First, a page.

Googleffects: Why I’m Downloading My Gmail

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I’m totally drowning in Google today (icky), so instead of a megapost, I’ll pass along a couple of metalinks and then hit a couple of interesting issues as the day goes on.

As to the whole matter of Google’s motives, I passed along some of the speculation yesterday about whether Google was doing this as a way to exit the market gracefully. I don’t know either way really, and I suppose we’ll learn more later. At this point, I’d have to guess that this was about more than current market share and revenue. I agree with Richard’s take on this (The Peking Duck).

This is all pretty damn exciting. Hard to believe that we may have hit on the biggest story of the year, and it’s only January. It’s probable now that the “Year in Review: 2010” photo spreads will include pics of cold college students laying wreaths at the Google offices in North Beijing.

OK, first the metalinks. You can read just about any news source for Googleinfo, but for link lists, I’ve seen a couple of good ones this morning:

ChinaGeeks

China Digital Times

CDT’s list is more heavily weighted towards foreign content, with Charlie’s more focused on Chinese sources.

Right, next topic: cloud computing.

Yes, I’m downloading my Gmail into Outlook Express at the moment. God knows how long this will take, maybe a day or two. The connection stalls out frequently. I do recommend using IMAP instead of POP3, though, for anyone who wants to try at home; IMAP allows you to maintain your folder structure.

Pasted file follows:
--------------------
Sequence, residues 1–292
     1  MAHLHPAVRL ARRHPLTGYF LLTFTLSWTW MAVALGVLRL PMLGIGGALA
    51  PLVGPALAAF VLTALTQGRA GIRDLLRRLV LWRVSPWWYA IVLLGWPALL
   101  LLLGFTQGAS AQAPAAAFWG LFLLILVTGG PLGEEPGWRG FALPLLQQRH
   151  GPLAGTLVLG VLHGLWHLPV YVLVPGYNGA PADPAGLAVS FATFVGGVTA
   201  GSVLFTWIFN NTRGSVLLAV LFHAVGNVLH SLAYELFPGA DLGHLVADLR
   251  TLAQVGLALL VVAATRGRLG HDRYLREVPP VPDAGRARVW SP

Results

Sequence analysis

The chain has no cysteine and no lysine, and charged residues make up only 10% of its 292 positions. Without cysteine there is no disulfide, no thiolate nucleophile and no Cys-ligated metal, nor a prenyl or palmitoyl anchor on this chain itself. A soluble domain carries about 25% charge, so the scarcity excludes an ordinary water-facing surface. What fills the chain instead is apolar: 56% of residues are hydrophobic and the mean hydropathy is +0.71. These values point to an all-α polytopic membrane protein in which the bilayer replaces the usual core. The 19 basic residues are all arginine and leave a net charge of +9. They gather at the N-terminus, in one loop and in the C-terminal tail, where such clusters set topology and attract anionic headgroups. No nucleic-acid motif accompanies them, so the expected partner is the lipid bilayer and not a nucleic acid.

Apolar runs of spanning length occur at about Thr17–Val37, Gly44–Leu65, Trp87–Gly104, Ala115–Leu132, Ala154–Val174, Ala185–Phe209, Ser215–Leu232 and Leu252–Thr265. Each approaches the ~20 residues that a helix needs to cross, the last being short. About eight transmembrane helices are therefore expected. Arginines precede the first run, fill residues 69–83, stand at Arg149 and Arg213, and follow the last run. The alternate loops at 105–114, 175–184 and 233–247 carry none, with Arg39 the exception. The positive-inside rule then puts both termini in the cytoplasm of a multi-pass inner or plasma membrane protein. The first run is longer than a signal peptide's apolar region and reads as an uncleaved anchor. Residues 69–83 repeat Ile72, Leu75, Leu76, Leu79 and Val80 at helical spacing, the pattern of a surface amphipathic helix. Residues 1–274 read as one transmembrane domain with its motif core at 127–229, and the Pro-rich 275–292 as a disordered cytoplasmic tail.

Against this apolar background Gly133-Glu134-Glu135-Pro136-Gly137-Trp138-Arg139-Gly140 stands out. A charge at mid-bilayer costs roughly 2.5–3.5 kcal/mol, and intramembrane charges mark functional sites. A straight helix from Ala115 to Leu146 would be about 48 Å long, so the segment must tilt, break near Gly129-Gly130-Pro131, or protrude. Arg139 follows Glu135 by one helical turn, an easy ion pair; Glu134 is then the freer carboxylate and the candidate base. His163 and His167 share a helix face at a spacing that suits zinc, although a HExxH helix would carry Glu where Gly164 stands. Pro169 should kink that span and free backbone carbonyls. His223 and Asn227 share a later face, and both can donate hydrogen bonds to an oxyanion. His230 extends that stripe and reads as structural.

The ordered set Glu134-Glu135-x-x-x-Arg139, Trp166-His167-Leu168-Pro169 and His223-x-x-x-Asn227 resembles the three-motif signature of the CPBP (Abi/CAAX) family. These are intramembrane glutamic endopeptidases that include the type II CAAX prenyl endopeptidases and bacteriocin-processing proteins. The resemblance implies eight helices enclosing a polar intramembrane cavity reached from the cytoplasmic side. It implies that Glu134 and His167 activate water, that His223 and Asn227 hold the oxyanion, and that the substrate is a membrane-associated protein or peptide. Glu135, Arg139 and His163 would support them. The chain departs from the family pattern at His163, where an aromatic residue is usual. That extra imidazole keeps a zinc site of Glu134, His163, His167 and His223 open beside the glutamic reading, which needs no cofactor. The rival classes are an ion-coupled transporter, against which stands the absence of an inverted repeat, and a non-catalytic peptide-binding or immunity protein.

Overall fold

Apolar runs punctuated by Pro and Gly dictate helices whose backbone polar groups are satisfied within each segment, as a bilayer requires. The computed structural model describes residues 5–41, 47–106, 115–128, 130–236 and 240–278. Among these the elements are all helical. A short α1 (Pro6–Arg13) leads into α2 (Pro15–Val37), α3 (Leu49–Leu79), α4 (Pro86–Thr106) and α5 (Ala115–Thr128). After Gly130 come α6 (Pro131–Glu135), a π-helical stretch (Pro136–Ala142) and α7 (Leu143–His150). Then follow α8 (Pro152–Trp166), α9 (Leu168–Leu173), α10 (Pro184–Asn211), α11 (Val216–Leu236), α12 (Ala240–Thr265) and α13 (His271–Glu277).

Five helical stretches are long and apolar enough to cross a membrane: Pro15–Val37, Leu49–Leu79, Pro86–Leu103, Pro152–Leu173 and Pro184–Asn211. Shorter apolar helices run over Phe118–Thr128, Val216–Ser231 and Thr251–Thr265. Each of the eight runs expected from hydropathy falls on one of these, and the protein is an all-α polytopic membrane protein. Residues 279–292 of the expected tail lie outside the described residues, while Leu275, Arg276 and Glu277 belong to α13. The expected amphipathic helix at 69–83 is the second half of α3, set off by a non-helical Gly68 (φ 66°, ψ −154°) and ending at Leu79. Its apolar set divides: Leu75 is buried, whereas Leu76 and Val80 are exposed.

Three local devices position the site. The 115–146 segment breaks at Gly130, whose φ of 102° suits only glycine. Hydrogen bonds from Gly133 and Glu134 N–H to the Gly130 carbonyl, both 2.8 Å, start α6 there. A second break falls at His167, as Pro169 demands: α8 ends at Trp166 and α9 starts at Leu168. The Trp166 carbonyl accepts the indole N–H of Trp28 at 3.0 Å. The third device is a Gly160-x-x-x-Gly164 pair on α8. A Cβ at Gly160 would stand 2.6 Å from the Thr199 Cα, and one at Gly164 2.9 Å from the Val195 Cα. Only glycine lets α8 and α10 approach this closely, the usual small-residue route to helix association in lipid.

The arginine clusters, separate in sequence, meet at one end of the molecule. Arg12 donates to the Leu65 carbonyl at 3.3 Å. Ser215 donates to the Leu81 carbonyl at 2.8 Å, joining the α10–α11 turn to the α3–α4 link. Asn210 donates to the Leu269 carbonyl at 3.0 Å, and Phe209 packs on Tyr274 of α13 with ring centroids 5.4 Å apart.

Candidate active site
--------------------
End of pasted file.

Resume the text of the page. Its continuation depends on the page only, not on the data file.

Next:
Do I think that Gmail will be blocked at some point? Probably not, but the personal data I have on Gmail is way too precious to take even a slight chance. Imagine if your iPhone blew up tomorrow and you had no backup of your contact list. It’s that sort of thing.

Yes, it’s my fault for relying too heavily on a cloud-based platform without having a backup. I’m a lazy person, and Google apps have been reliable enough (one significant outage in the past few years for Gmail, that I can recall) that I have taken connectivity for granted.

I am now reminded that yes, there is a risk with using cloud apps. This was supposed to be the wave of the future, with PCs becoming mere gateways to the Net, where all your data is stored, sliced and diced, manipulated, and sent back to you on command in discrete chunks as needed.

It all sounds good, if you can guarantee that the system will work all the time. This is the psychological burden of cloud computing, and the Googlefracas has made me take a step backwards.